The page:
Ohio needs statewide policy covering cameras

The city of Steubenville’s residents pronounced the concept of traffic cameras for speed law enforcement dead with a referendum in 2006.

The issue was put to bed after a common pleas court injunction that ordered $258,000 in fines be repaid to drivers who were fined in a short period of time the cameras were in service. City fathers tried a second time with a new ordinance that the city believed addressed the deficiencies that the court cited in the first injunction.

Voters, under the city charter, were able to petition to put the issue on the city ballot, where the question of establishing a city automated traffic law enforcement system was put to voters. Voters said no by a landslide.

But that took care of the issue only in Steubenville.

Traffic cameras for speeding enforcement and traffic light enforcement continue to rear their little electronic heads around the state. The same basic issues about due process continue to rise, again and again, in court after court.

The latest is a case following the usual pattern. A driver challenges the ticket. Other drivers join in. A judge has ruled that the ticketed drivers could constitute an injured class and allows the lawsuit – this time againt New Miami village – to proceed as a class-action lawsuit that could see refunds to ticketed drivers. New Miami established the administrative system that Steubenville voters nixed under the city-charter permitted referendum, and the judge says that system favors the village. More than $1 million in fines were collected in the year the cameras have been used in the village of 2,200 in Southwest Ohio.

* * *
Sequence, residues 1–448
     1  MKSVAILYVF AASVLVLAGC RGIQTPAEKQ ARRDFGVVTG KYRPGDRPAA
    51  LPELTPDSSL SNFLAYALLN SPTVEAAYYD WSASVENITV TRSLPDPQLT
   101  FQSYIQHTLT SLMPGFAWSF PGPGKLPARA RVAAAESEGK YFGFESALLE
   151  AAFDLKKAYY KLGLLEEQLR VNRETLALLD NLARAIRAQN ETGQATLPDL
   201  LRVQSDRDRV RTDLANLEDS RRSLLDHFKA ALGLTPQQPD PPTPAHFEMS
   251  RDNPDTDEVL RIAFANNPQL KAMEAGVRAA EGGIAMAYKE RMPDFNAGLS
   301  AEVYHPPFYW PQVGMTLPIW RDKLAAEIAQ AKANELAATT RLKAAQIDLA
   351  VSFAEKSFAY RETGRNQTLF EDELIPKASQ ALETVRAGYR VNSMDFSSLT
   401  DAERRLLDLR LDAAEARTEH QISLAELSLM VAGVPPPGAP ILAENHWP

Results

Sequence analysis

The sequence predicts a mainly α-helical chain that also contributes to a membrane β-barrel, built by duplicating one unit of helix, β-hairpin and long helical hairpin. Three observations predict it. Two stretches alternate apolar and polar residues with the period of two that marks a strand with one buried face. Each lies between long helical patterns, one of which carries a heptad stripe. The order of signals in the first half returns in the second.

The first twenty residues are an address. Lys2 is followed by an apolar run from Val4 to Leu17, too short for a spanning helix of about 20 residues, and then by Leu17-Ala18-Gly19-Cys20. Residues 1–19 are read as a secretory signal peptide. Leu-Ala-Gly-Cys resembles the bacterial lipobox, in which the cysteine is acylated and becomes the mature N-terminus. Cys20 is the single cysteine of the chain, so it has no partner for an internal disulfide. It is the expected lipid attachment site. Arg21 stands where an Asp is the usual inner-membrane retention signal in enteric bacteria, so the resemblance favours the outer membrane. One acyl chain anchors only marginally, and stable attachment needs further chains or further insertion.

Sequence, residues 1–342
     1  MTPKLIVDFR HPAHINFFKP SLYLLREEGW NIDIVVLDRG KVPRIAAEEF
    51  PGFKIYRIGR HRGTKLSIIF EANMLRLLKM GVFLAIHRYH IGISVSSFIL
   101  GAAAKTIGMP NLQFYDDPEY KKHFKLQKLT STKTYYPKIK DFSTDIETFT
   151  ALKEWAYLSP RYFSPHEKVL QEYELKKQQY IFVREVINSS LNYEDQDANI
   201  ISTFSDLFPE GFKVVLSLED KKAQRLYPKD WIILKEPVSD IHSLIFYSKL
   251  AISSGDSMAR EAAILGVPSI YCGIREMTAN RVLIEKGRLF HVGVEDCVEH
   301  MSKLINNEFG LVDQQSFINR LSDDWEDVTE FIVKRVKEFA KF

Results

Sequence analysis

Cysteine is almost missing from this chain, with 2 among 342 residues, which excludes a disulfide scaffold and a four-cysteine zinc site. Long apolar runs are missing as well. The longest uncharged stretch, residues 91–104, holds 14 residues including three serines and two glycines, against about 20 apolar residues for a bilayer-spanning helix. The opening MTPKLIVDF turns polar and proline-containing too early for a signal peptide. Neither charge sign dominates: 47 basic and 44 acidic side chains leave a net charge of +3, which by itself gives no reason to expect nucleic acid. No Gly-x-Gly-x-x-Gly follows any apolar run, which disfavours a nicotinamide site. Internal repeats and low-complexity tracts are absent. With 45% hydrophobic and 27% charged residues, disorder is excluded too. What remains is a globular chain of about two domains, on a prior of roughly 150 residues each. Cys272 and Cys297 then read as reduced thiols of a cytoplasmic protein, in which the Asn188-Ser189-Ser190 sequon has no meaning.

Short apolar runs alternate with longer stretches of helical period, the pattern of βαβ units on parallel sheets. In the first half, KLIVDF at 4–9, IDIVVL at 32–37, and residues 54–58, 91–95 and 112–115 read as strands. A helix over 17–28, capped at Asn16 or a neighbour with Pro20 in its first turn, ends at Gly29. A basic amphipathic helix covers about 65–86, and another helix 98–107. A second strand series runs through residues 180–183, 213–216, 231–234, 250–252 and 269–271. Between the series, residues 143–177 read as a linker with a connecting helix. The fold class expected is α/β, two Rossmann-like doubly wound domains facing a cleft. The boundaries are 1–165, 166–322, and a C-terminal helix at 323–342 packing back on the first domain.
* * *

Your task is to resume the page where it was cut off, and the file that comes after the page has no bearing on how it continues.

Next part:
There are appellate rulings going through the state court system from Toledo and Cleveland that ruled against the camera system. A case that made it to the Ohio Supreme Court saw the justices approve camera use in Akron.

It is far past time – nearly a decade – for Ohio to have a statewide policy about the traffic cameras.

Either municipalities have the right to tap into a cash cow that results from the robotic unblinking eye, or due process involving the normal court challenges that can occur must be established.

The problem is, there’s no human officer to challenge in court, and the camera isn’t about to answer any questions.